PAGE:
Dr. Randall and Shalene Trester, who run West 1st Chiropractic Wellness Centre. Last year, their food drive collected more than 400 pounds of food for the Jewish Food Bank. (photo by Allison Kuhl)
Since 2016, patients at West 1st Chiropractic Wellness Centre have been bringing in non-perishable food items destined for the Jewish Food Bank. These donations are collected and, in turn, provided to those in the community who face food insecurity.
The Jewish Food Bank struck a particular chord with chiropractor Dr. Randall Trester and his wife Shalene, who run the centre, which will celebrate its 20th anniversary this September.
“I had a few friends that had been helping with the food bank and they told me how difficult the situation is for some people. I felt we just had to get involved,” Shalene Trester told the Independent.
The Tresters hold the food drive every December, reminding clients ahead of time by posting information throughout the centre and via email correspondence.
“Our patients are really the ones who should get all the credit. We organize it every year and it’s amazing to see the generosity of our patients,” said Shalene Trester, who manages the office. “Our patients look forward to participating. It’s awesome to see the overflowing boxes at the end of the food drive. It’s such an awesome feeling to give back to our community every year.”
The most recent drive saw an increase in the amount of food donated. “There was a greater need,” she said.
“The Tresters have been supporting us for many years through their annual food drive and donating all the food to us,” said Carol Hopkins, the coordinator of the Jewish Food Bank. “Last year, they donated 410 pounds of food. We really appreciate their support.”
Distribution for the JFS Grocery Program is held weekly at JFS’s the Kitchen, located at 54 East 3rd Avenue in Vancouver, and at hubs throughout the Lower Mainland. For those unable to pick up their grocery order at one of the hubs, JFS offers a delivery service.
“We currently serve approximately 900 people and provide more than 12,000 kilograms of healthy food every month,” said Hopkins. “The JFS Grocery Program does not offer any meats, poultry or shellfish. We ensure that kosher items are available for clients who do keep kosher.”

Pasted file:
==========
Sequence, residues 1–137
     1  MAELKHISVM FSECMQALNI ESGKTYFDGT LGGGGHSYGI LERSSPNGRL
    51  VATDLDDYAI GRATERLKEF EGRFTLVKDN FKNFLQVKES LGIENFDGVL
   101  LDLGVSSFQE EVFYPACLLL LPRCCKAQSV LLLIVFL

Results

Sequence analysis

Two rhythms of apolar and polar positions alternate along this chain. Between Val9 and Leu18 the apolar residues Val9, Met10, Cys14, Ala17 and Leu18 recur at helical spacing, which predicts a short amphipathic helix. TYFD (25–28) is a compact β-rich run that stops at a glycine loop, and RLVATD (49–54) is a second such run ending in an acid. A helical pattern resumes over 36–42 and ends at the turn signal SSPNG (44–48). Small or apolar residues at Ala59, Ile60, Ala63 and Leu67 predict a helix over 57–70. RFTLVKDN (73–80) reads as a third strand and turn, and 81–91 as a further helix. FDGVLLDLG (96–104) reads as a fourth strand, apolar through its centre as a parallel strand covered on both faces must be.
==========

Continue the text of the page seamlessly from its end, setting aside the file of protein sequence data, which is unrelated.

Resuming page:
The majority of supplies at the Jewish Food Bank are bought, and the team relies heavily on donations – non-perishable food or money. Among the benefits of hosting a food drive, the Jewish Food Bank notes on its web page, are “engaging your community members and helping to spread the word on the issue of hunger, [while] also providing an incredible service to your neighbours in need.”
Some of the best items to donate are rice; canned or dried beans, lentils and legumes; whole grains (oats, barley, millet, bulgur, quinoa, couscous); canned fish (tuna, salmon, sardines); canned tomatoes and tomato sauce; and pasta. According to the Jewish Food Bank, a $10 donation can buy $30 of food at wholesale prices or provide four days of healthy snacks for five children.
Soap, shampoo, toilet paper and diapers are greatly appreciated and needed as well.
The Jewish Food Bank funders include Jewish Women International-B.C. and many community members. Any person or organization wanting to organize a food drive should call 604-558-5698 or visit jfsvancouver.ca/food-drive.
Sam Margolishas written for the Globe and Mail, the National Post, UPI and MSNBC.
Joseph and Rosalie Segal (seated) and family at the 2016 Summer Garden Party fundraiser for Vancouver Hebrew Academy. (photo by Jocelyne Hallé)
Joseph Segal, an entrepreneur and philanthropist who was recognized by the governments of British Columbia and Canada with the highest civilian honours, a Second World War veteran who helped liberate the Netherlands, a businessman who founded and led iconic companies and a community-builder whose imprint on the Jewish and general communities in Vancouver is indelible, passed away May 31. He was 97 years old and was actively engaged in philanthropy to his final hours.